Sleep-revisited

As an educator who works daily with adolescents and teens, I am troubled by the fatigue that I witness from many of them. I regularly ask how many hours of sleep they manage during a typical school night. Most high school students respond that they average fewer than six hours. When I tell them that they require at least 9 hours of sleep, most of them respond that they cannot possibly accomplish everything and still have sufficient sleep. Research studies have indicated that biological factors contribute to “night owl” status for teens, and certainly, early morning school hours exacerbate the situation. Add homework, athletics, extracurricular activities, and part-time employment to that mix to understand why they suffer from protracted sleeplessness.

Their anecdotal reports appear to parallel sleep research. An article in a recent edition of Education News by nutritionist Byron Richard presented come troubling data. “Sleep problems in children and teens have reached a crisis level in America. . . . Only 20% of teens get adequate sleep. 16% of teens say have noticeable sleep problems, while 28% report falling asleep at school. . . New science shows that these issues are setting the table for obesity, depression, drug abuse, and future cardiovascular disease.”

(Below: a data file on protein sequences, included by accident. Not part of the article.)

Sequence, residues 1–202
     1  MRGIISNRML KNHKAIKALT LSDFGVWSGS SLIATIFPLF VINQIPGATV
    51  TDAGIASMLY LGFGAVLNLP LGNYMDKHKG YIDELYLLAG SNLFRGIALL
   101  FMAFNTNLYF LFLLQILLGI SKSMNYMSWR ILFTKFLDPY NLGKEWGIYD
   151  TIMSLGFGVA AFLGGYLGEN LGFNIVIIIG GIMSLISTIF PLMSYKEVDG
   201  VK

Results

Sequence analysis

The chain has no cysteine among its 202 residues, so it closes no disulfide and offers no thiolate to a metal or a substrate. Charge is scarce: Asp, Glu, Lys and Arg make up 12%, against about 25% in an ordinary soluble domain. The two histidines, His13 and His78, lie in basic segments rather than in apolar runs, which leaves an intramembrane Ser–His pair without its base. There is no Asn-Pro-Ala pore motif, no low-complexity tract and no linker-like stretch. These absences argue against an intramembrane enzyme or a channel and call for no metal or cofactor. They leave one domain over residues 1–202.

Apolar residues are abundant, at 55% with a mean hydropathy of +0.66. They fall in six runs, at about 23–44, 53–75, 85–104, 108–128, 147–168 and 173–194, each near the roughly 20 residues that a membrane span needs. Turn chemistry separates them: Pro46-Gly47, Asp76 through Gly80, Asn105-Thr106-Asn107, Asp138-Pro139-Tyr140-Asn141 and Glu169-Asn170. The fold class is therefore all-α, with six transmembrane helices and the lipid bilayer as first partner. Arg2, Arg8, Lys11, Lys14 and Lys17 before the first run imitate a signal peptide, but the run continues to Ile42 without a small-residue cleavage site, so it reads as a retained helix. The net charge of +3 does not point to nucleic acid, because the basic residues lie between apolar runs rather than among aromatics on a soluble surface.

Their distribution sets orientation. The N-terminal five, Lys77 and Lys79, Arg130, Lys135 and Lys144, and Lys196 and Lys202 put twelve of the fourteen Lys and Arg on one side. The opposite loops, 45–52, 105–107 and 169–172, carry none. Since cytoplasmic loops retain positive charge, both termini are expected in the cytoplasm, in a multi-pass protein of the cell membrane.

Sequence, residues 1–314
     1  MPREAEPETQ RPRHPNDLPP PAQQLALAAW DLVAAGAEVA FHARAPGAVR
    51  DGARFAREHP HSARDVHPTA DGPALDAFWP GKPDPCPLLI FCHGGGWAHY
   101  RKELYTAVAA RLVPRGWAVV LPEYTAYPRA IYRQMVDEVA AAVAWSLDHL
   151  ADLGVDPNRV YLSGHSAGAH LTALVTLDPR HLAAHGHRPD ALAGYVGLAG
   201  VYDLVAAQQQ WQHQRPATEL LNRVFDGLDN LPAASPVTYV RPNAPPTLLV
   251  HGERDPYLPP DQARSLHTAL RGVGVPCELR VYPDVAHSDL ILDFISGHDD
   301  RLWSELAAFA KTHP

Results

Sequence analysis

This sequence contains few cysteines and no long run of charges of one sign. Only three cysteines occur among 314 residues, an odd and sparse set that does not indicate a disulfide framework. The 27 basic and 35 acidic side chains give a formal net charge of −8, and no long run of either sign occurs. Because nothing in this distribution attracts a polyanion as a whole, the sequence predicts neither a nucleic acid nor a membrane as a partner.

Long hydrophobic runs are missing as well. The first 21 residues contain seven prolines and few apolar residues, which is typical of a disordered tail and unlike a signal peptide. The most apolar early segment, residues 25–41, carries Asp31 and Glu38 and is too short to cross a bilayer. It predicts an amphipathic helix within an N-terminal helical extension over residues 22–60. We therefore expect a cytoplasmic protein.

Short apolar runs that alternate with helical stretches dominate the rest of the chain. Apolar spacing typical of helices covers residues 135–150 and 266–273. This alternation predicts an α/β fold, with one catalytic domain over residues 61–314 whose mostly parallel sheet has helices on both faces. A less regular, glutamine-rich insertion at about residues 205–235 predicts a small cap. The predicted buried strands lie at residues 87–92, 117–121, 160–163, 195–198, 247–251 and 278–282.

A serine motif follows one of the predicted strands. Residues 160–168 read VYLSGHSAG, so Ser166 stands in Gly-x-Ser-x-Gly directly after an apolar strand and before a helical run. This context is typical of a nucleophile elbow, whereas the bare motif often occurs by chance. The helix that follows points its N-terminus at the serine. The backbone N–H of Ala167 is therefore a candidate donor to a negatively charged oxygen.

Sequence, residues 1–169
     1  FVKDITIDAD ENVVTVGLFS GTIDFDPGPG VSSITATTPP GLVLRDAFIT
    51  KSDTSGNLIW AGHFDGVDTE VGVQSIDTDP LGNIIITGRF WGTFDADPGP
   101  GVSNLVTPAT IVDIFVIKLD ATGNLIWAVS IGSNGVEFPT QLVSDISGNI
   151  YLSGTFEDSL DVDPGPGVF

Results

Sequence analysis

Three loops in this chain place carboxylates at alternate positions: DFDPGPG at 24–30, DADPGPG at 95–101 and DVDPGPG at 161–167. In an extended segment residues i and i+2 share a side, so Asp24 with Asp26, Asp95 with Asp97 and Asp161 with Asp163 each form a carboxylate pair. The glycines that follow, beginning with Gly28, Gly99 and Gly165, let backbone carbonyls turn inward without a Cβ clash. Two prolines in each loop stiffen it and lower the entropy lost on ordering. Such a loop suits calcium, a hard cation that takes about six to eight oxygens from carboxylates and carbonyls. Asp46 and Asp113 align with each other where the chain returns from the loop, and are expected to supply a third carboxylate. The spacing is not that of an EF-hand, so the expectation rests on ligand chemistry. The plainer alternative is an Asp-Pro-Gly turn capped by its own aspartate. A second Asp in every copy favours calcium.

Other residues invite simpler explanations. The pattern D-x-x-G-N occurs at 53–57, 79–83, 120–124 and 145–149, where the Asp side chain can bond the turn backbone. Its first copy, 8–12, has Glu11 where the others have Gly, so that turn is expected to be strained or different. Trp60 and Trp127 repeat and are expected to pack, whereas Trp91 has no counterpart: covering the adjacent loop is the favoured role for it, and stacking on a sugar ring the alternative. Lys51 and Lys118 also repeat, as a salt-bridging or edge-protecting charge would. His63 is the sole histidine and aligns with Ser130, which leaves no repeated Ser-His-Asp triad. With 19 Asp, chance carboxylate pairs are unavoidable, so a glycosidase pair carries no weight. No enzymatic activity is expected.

Factors such as stress and poor diet can contribute to sleep problems. An ingestion of sugar can provide a temporary boost to a sleep-starved brain. Yet, in the long run, poor eating and snacking choices can lead to more extensive problems like obesity without providing the rest that the body really craves.
While parents have little or no control over their teens’ sleep patterns, they can promote a lifetime of good health by establishing positive habits very early. Aside from establishing regular bedtimes for young children, they can encourage good eating habits and regular exercise. They can provide a healthful diet and a restful, stress-free environment. As their children reach puberty, they can assist them in selecting activities that will supplement rather than overtake their academic responsibilities. They can encourage their children to establish study routines that allow for discretionary time for rest and relaxation.

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